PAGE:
I have a well-stocked pantry and a well-stocked freezer. For this I am very thankful.

frozen foods, frozen meals

My freezer is full of frozen meals!

pantry, prudent pantry, well stocked

My pantry cupboard is full!

I usually have ingredients on hand at any given point to come up with a meal. I have decided to challenge myself. For the next two weeks I am only going to purchase items from the grocery store that are absolutely necessary such as fresh vegetables. I will give myself a budget of $50 for the two weeks. Milk I will get at the local farm. Our chickens will supply eggs. For the rest of the time I will be utilizing food from our pantry and freezer. This will give me a chance to use up leftovers, unbury freezer items and clean out my pantry. I will use the money normally spent on groceries to bolster our savings. My desire is to continue this challenge for an additional two weeks which would mean we only spent $100 on food for the month. Do you think it’s possible?

This challenge will start on Sunday and go for two weeks. I will give you our meal plan as I go along. This is what I’m planning to eat for the first week:

Sunday: Shepherd’s Pie (freezer)
Monday: Pork, Bean & Kale Soup (leftovers)
Tuesday: Chicken Stir-fry
Wednesday: Baked Barley Risotto with Butternut Squash (squash on counter)
Thursday: Spaghetti and Meatballs (freezer)
Friday: Country Chicken Chowder
Saturday: Quiche

Breakfast will either be dry cereal we have on hand, homemade granola, oatmeal or eggs. If inspired I might even make pancakes or waffles (much to my husband’s delight, he claims they are an excellent excuse to enjoy our local maple syrup!). Lunch will be leftovers or soup from the freezer or sandwiches from what is on hand. I’m hoping this will inspire me to make better use of the food we do have in stock. I usually cook meals from scratch but don’t always do a good job with using things already in the pantry! I spend a lot of time in the summer preserving our harvest, now it’s time to make use of it.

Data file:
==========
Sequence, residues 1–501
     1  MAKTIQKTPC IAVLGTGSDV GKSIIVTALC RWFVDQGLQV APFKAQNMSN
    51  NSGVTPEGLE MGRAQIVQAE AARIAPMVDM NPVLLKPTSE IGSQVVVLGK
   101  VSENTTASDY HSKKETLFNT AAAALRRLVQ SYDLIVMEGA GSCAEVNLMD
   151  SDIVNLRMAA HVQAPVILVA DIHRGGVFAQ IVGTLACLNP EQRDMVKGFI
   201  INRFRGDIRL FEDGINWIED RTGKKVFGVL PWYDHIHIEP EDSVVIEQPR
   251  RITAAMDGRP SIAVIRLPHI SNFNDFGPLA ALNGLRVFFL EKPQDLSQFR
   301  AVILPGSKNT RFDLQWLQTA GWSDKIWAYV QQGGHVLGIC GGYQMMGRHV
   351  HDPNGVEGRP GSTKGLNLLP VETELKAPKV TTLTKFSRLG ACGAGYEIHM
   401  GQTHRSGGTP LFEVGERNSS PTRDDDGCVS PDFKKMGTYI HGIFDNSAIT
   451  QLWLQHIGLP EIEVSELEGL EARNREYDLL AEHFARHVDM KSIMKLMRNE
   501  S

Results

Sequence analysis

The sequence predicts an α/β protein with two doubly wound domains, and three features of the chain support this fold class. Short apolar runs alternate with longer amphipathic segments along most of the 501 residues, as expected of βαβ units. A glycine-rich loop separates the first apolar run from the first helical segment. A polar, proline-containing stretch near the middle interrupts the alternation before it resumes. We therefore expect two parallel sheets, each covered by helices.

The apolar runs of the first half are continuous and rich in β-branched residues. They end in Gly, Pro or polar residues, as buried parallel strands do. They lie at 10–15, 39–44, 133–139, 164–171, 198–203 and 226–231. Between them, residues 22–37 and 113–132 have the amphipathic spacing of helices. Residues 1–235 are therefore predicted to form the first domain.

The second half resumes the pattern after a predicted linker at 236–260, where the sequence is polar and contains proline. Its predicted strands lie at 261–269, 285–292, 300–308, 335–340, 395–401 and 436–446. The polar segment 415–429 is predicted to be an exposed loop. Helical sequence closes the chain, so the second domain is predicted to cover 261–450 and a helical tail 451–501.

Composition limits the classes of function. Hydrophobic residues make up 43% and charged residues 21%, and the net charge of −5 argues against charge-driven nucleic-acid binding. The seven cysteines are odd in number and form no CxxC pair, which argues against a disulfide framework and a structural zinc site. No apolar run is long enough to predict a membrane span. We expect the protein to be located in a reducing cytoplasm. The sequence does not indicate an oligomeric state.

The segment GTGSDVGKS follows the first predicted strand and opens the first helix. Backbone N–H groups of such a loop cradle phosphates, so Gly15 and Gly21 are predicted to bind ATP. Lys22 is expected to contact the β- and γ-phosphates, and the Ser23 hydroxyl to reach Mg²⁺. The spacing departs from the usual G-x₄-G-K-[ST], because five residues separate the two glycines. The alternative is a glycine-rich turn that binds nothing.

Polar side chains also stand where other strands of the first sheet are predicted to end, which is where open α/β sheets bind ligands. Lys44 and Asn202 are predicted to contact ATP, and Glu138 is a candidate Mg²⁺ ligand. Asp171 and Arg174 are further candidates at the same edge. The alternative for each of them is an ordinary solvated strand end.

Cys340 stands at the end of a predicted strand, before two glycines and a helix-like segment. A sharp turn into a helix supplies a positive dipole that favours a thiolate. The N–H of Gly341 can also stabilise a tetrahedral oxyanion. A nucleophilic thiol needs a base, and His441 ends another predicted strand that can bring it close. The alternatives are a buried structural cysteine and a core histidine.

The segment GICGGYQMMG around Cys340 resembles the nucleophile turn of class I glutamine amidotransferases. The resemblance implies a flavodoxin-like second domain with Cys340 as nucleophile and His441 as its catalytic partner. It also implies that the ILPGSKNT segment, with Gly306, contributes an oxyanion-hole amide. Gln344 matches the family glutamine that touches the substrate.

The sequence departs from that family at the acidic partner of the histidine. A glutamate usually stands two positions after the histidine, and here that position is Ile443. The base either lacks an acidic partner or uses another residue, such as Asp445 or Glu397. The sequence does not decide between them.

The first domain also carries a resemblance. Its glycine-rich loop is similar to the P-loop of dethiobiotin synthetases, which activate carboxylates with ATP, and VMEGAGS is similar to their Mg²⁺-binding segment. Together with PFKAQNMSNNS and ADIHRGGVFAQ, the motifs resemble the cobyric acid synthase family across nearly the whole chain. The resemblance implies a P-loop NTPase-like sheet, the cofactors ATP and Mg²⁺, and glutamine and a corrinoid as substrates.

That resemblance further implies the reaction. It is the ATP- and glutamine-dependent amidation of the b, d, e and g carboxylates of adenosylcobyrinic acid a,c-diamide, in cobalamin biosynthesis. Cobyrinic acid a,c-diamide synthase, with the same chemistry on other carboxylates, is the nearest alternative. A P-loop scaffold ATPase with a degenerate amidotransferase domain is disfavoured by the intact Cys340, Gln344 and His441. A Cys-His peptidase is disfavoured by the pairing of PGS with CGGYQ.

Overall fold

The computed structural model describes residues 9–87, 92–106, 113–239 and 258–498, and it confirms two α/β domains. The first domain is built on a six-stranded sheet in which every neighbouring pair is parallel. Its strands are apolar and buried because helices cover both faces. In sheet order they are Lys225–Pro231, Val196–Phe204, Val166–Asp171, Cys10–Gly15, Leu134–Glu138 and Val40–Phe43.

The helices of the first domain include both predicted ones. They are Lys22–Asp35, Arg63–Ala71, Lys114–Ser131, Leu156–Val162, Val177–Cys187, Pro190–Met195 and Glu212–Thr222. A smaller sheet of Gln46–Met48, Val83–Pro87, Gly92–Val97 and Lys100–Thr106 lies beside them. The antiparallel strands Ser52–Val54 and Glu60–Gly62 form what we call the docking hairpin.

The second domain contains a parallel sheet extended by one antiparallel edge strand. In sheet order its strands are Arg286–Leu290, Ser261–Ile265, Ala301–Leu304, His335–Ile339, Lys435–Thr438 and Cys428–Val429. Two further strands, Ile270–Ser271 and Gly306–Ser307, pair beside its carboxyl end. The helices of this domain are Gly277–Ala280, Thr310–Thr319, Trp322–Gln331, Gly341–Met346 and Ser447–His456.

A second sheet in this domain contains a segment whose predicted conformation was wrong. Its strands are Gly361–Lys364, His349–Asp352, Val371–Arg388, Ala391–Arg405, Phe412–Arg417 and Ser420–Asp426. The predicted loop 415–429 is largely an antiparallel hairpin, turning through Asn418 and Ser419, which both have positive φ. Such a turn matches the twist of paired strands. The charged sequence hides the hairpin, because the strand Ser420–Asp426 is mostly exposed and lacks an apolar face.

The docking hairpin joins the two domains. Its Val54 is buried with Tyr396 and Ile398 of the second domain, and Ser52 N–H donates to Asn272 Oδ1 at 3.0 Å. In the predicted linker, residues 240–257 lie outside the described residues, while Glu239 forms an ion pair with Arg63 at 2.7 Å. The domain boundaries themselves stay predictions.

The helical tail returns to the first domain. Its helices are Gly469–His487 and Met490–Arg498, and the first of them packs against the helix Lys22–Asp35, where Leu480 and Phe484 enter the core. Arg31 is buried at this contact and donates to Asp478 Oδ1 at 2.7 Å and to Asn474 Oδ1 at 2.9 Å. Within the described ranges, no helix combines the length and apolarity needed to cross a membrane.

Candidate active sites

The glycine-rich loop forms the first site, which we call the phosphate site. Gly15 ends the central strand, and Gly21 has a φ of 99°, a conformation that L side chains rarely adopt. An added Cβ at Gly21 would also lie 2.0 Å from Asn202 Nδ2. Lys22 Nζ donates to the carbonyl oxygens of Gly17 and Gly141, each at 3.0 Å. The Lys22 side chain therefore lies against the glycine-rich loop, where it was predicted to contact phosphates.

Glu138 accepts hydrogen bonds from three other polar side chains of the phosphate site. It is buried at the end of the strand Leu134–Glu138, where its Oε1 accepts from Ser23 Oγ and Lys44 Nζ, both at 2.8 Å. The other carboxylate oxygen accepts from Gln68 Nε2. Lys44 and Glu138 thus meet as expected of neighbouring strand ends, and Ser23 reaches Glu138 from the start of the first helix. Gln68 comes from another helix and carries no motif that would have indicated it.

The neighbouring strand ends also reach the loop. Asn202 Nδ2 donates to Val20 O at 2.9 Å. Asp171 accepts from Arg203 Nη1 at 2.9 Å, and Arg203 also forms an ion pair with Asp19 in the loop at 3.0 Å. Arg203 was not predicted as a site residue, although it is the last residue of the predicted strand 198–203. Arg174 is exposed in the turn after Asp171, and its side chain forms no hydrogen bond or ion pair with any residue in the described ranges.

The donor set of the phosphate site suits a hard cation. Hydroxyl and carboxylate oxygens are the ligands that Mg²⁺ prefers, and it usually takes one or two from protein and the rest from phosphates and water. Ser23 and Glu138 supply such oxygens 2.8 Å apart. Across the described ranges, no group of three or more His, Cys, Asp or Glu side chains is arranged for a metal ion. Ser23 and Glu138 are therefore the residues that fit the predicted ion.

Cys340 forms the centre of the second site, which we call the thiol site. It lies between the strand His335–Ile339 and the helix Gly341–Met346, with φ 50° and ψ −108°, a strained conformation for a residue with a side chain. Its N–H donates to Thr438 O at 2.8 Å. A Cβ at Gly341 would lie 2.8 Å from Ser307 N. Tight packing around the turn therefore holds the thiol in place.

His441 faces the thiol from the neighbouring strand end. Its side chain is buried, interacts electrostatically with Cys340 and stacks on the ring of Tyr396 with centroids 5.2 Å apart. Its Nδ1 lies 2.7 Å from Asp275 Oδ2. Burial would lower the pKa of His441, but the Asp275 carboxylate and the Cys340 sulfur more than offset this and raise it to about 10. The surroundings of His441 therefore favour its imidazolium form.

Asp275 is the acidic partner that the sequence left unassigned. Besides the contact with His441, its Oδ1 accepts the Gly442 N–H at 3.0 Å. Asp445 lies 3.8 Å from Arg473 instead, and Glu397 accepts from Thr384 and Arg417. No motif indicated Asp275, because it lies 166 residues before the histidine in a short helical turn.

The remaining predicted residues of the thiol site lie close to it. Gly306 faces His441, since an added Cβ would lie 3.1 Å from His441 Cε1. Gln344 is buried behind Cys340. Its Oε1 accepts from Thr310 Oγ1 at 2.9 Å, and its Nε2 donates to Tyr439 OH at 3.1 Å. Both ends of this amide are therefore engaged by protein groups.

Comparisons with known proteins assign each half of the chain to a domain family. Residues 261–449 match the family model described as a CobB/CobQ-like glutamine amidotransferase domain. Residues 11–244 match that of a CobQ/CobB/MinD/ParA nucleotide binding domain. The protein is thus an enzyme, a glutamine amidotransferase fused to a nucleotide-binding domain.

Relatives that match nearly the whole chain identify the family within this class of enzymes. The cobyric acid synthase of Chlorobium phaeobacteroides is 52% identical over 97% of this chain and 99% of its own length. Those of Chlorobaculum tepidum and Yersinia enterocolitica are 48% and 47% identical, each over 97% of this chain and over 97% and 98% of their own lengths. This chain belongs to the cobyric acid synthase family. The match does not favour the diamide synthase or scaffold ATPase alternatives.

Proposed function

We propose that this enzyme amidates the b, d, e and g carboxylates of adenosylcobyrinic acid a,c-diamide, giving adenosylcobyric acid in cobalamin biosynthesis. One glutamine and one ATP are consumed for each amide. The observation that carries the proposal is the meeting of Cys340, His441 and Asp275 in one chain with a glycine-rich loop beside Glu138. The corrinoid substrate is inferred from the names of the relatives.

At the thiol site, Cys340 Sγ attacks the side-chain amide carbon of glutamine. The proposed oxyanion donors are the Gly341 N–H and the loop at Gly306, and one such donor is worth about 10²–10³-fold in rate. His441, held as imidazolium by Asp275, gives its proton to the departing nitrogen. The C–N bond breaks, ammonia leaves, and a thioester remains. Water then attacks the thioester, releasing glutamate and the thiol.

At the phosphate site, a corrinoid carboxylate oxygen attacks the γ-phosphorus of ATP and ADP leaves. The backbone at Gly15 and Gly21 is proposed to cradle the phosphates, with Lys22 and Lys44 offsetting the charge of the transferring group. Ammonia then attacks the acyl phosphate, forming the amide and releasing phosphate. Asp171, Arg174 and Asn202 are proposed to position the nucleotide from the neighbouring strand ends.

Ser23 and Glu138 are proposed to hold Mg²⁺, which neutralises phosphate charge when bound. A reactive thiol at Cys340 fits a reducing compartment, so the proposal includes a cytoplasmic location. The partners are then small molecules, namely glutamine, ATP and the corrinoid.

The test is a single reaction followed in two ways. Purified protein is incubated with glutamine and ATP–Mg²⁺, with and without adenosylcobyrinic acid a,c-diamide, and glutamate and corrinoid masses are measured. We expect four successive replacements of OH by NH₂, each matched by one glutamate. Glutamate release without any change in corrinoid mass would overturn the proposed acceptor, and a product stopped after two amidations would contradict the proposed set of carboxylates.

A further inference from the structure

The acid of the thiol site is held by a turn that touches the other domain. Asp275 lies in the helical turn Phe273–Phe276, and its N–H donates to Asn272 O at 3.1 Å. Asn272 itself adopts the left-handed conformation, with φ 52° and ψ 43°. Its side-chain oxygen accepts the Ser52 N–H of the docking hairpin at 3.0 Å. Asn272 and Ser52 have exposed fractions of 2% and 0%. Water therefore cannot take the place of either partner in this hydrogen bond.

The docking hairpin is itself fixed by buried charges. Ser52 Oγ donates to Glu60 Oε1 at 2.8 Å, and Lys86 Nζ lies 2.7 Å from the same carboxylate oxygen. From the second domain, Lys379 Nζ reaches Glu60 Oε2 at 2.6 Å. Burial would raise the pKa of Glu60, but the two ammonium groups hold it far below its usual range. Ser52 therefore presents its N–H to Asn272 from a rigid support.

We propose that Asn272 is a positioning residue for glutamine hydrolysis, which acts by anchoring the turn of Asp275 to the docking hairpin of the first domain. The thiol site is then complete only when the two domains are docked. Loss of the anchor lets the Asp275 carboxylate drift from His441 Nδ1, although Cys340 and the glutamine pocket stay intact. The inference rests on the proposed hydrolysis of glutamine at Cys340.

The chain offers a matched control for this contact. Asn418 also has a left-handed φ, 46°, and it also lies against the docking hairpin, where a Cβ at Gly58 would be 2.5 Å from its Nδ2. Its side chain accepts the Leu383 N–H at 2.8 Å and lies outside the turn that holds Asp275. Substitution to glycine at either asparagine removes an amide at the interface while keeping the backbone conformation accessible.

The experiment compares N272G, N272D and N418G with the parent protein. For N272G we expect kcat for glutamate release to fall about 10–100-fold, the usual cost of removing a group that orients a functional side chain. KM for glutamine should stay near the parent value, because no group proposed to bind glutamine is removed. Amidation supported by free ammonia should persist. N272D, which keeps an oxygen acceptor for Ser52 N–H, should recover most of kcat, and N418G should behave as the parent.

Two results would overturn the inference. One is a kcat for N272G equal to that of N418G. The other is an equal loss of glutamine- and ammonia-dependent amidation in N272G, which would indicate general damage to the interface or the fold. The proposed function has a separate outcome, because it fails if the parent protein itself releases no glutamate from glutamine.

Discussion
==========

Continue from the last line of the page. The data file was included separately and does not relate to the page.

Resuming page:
soup, broth, prudent pantry

Homemade soups and canned broth.

canning, tomato sauce, prudent pantry

Lots of tomato sauce on hand.

Next Thursday I’ll give you an update as to how we’re doing! If you’d like any of the recipes I’m going to be making please comment below and let me know, I’d be glad to share them! This challenge is something we’re taking on personally, would any of my faithful readers like to join us?

Starting your own seeds is one way to save money in your gardening costs. Another way is to make your own seed starting mixture. A variety of materials may be used to germinate seeds and root cuttings. These mixtures must be sterile and must meet certain other criteria.

They must be firm and dense enough to hold cuttings or seeds in place during rooting or germination. They must be of a consistency that will not alter drastically either dry or wet, since this would cause root damage. They must be porous enough to drain properly yet retain enough moisture so that frequent watering will not be necessary.

When starting seeds you can purchase large bags of pre-mixed soil designed especially for seed germination. I have begun to mix my own when I just wasn’t happy with the results of the store bought mixture.  The mixture I have been using is easy to make and does a great job. As you experiment with various components you will discover what works best for you.

Top soil, Peat moss, gardening

Ingredients to make your own seed starting mixture.

This is the combination I use:

top soil, loam, gardening

Top soil or garden loam.

1 part sterilized garden loam or top soil
1 part coarse sand or perlite
1 part peat moss

Pearlite is used to increase aeration in a mixture. It is derived from a type of volcanic rock and is processed into light, porous, sterile particles that hold many times their own weight in water.

Perlite, soil mixture, gardening